“Nightshift summary: Veto for more money for Ukraine,” Hungarian Prime Minister Viktor Orbán posted on Twitter earlier on X after a late-night session of the EU Council in Brussels. “We will come back to the issue next year #EUCO After proper preparation.”
Dutch Prime Minister Mark Rutte said Hungary was the only country among 27 EU members to oppose a multibillion-dollar aid package for Ukraine. According to Reuters, the financing deal is worth 50 billion euros ($55 billion).
“It was a good decision. We still have some time. Ukraine has no money in the next two weeks. So we have that time and I think we can get there,” Rutte added.
Rutte said it had been agreed that funding negotiations would resume in early 2024, adding that “given the state of negotiations, I am confident that we can have a breakthrough early next year.” But he added that it was “no guarantee”.
Earlier, at the EU Council, member states agreed to start so-called accession talks with Ukraine, two years after it was accepted as a candidate country. Ukraine has had ambitions to join the EU for more than a decade.
Orban – the Kremlin’s closest ally in the EU – has said he is not taking part in accession talks, letting other member states decide.
Orban called Ukraine’s announcement to open accession talks on Thursday a “totally senseless, irrational and wrong decision” and added that his country “does not participate in today’s decision”.
Earlier this week, Orban said Ukraine still had to meet three of the seven conditions required for greenlight accession talks, and therefore there was no current reason for EU membership talks for Ukraine.
“Hungary’s position is clear; “Ukraine is not ready to start negotiations on EU membership,” Orban posted on X.
“On the other hand, 26 other countries insisted on making that decision,” he continued. “Therefore, Hungary decided that if the 26 decide to do so, they should go their own way. Hungary does not want to be a part of this bad decision.
EU Council President Charles Michel said the move was “a clear signal of confidence to their people and to our continent”. He confirmed that accession negotiations with Moldova would be launched and that the EU had granted candidate status to the former Soviet state of Georgia.
Ukrainian President Volodymyr Zelensky welcomed the news. “This is a victory for Ukraine. A victory for all of Europe. An inspiring, motivating and strengthening victory,” Zelensky posted on X following the announcement.
“History is made by those who never tire of fighting for freedom,” Zelensky said.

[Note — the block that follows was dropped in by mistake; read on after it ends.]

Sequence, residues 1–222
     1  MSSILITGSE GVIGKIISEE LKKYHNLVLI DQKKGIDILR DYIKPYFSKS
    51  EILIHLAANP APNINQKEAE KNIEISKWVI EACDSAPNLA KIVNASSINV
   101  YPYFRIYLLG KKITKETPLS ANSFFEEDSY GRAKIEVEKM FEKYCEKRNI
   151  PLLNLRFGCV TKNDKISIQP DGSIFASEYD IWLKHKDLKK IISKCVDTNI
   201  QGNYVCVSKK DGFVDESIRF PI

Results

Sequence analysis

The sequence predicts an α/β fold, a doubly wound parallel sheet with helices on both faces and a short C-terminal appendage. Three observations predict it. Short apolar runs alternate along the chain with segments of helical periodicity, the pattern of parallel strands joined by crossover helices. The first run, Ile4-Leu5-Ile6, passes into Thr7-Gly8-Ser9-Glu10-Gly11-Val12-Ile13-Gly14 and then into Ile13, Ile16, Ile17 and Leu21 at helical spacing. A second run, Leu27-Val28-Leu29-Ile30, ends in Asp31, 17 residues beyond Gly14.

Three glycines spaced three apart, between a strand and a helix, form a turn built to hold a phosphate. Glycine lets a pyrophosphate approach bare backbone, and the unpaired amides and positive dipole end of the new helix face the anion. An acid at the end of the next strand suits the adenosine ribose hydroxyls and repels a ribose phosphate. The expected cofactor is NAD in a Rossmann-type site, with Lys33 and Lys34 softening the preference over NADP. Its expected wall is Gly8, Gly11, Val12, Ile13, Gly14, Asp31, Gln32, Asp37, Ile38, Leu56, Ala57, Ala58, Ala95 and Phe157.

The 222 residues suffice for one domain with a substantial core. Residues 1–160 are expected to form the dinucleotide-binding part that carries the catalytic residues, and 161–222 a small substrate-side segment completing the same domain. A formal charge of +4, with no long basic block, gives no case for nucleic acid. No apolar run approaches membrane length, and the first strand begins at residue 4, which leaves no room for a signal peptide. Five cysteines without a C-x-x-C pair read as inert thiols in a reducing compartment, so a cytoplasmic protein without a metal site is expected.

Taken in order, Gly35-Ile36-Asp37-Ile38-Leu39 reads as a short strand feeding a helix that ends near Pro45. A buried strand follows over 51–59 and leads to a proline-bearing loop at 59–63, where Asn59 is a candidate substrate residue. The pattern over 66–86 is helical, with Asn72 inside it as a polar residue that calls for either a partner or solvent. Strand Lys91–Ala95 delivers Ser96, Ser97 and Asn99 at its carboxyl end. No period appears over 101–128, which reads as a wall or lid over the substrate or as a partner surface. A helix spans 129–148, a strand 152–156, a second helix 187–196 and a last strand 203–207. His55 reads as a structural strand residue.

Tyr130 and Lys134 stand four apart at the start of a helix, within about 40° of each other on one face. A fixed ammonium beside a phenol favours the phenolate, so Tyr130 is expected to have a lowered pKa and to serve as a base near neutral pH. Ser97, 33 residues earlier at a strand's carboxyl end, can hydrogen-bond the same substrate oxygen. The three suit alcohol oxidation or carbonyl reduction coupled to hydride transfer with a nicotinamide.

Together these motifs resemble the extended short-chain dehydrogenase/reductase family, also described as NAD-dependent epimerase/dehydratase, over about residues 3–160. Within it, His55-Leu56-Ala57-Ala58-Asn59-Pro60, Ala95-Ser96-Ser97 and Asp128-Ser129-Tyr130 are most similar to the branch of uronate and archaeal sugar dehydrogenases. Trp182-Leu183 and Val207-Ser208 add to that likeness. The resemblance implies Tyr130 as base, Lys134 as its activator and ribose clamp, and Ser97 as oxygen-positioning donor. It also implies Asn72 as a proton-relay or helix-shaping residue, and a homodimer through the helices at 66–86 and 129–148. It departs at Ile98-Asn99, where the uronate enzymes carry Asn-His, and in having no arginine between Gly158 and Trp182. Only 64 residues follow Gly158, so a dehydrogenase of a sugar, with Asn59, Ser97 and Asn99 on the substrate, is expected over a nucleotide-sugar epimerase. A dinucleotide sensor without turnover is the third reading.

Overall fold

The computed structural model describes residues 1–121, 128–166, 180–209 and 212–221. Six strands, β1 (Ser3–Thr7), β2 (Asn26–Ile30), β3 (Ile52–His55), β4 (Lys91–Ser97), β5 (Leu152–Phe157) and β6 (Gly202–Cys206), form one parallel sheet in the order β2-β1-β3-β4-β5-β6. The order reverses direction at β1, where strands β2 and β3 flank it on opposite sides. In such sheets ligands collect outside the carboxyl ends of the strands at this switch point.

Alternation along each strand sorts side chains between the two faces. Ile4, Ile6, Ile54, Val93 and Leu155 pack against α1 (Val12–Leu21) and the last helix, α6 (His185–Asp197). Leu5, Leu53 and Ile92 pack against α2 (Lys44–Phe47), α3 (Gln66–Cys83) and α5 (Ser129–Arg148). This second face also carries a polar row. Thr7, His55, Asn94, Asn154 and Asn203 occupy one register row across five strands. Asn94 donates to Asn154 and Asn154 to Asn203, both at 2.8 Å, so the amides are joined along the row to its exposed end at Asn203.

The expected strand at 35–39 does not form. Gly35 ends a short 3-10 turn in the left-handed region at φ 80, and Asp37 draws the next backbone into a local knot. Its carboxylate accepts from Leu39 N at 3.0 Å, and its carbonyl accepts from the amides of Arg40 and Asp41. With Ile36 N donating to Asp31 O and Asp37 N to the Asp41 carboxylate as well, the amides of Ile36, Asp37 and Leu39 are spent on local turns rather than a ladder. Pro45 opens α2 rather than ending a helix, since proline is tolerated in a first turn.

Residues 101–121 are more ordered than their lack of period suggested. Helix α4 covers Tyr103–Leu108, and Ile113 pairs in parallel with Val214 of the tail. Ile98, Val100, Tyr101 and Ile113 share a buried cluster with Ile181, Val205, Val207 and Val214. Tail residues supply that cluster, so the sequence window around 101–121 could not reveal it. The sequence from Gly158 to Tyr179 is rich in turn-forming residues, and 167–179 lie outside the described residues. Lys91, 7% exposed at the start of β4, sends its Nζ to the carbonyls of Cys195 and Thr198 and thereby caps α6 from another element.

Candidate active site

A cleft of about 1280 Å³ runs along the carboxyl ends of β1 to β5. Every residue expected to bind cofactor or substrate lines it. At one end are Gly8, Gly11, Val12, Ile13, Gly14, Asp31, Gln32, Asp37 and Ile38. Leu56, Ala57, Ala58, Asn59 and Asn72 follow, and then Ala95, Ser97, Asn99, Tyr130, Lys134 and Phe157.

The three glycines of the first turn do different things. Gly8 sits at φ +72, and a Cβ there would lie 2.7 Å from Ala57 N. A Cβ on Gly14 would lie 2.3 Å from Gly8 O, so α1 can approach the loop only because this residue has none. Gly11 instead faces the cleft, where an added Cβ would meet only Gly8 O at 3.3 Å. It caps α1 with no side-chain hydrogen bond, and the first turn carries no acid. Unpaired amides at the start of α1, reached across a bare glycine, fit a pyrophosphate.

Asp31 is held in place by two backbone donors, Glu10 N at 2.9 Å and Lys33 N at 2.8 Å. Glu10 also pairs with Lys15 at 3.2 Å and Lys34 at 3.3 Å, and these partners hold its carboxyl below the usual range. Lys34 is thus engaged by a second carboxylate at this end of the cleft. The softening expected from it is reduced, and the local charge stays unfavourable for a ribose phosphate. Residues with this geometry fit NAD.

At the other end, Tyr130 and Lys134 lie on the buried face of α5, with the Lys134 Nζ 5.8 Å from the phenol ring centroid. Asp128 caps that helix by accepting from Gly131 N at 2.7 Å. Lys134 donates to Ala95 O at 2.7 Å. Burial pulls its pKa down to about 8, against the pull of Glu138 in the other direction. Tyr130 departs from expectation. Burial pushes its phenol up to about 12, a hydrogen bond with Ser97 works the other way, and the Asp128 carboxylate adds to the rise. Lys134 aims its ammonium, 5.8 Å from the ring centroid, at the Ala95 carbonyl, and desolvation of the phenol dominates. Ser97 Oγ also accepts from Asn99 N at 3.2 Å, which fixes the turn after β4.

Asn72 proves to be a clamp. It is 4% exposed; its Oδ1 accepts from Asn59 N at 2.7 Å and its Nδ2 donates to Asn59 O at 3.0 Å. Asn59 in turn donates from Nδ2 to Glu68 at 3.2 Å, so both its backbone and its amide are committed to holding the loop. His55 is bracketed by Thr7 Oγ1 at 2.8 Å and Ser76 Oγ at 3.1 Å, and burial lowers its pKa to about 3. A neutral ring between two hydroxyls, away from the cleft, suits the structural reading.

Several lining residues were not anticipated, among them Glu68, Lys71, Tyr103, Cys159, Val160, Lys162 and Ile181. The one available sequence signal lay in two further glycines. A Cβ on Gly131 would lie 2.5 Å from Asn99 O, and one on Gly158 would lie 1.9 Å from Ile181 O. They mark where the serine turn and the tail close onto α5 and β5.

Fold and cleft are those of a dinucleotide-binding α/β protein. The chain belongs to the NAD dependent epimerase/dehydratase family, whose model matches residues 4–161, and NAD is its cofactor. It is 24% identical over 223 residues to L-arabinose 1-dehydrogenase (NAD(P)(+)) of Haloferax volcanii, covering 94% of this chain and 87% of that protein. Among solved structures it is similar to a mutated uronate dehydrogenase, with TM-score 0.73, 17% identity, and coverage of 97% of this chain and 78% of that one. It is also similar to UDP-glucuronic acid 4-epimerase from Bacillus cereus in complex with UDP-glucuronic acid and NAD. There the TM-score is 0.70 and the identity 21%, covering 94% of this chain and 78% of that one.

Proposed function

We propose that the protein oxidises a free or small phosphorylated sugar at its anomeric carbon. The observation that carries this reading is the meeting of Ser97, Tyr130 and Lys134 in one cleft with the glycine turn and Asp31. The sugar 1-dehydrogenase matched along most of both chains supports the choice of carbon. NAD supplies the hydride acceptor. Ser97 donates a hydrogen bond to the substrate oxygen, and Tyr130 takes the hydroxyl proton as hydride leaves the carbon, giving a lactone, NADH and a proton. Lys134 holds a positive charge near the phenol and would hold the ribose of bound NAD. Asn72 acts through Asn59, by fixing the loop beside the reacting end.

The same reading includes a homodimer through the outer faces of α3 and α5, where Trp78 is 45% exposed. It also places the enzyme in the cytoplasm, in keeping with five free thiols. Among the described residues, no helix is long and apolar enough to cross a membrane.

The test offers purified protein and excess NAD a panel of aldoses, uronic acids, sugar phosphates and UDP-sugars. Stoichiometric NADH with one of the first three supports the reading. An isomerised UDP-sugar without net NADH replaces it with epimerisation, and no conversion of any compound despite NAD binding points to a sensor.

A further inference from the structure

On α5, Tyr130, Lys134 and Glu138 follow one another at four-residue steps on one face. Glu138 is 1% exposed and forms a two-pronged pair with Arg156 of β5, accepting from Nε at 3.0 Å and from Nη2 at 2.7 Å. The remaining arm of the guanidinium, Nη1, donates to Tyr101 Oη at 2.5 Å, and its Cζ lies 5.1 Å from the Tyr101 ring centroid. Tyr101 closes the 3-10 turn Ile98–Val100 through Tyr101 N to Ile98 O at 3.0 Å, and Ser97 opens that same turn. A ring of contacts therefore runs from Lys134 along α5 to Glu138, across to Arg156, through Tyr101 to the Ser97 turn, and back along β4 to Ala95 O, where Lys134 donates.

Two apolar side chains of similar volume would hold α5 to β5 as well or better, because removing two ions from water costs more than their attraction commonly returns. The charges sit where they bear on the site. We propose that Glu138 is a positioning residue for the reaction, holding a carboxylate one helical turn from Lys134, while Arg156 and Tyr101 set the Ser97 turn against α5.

The decision to open formal membership talks with Kyiv sends a strong message to Russian President Vladimir Putin, following concerns that the West is swaying in favor of Kiev in its fight against Moscow’s invasion forces.
Kenzo Tribouillard/AFP/Getty Images
President of Ukraine Volodymyr Zelensky shakes hands with visiting European Parliament President Roberta Metzola during a summit at the European Union Parliament in Brussels on February 9, 2023.
Thursday’s decision was hailed as a milestone by various European leaders, although experts warn that some fundamental obstacles still stand in the way of Ukraine joining the bloc.
European Commission President Ursula von der Leyen called the decision “strategic” and “a day that will be etched in the history of the European Union”.
“We are proud to have delivered on our promises and are happy for our partners,” he said.
German Chancellor Olaf Scholes wrote in X, “It is clear that these countries belong to the European family.”
Despite the political significance of the move, Kyiv still faces many hurdles in its bid to join the EU.
We are not going to allow Ukraine to ignore the process that all countries must go through before joining the EU, and it may be another decade until Ukraine actually joins the EU and can enjoy the benefits of full membership.
Ukraine will still have to meet the conditions of the Copenhagen criteria – an opaque trio of requirements that the EU must satisfy – before moving on to the next stage of negotiations.
Focuses on whether or not a candidate country has a functioning free market economy, and whether the country is a functioning, inclusive democracy, if the country’s institutions are qualified to uphold European values such as human rights and the EU’s interpretation of the rule of law.
All of those things are hard to prove to any country, let alone one that is currently in a state of invasion and war.
If Ukraine can meet the Copenhagen criteria, the EU and Ukrainian authorities can start negotiations under the 35-mandate, which provides access conditions.
All chapters of the negotiations must be fully closed, signed by each EU member state, and then approved by the EU Parliament.
This story has been updated with additional updates.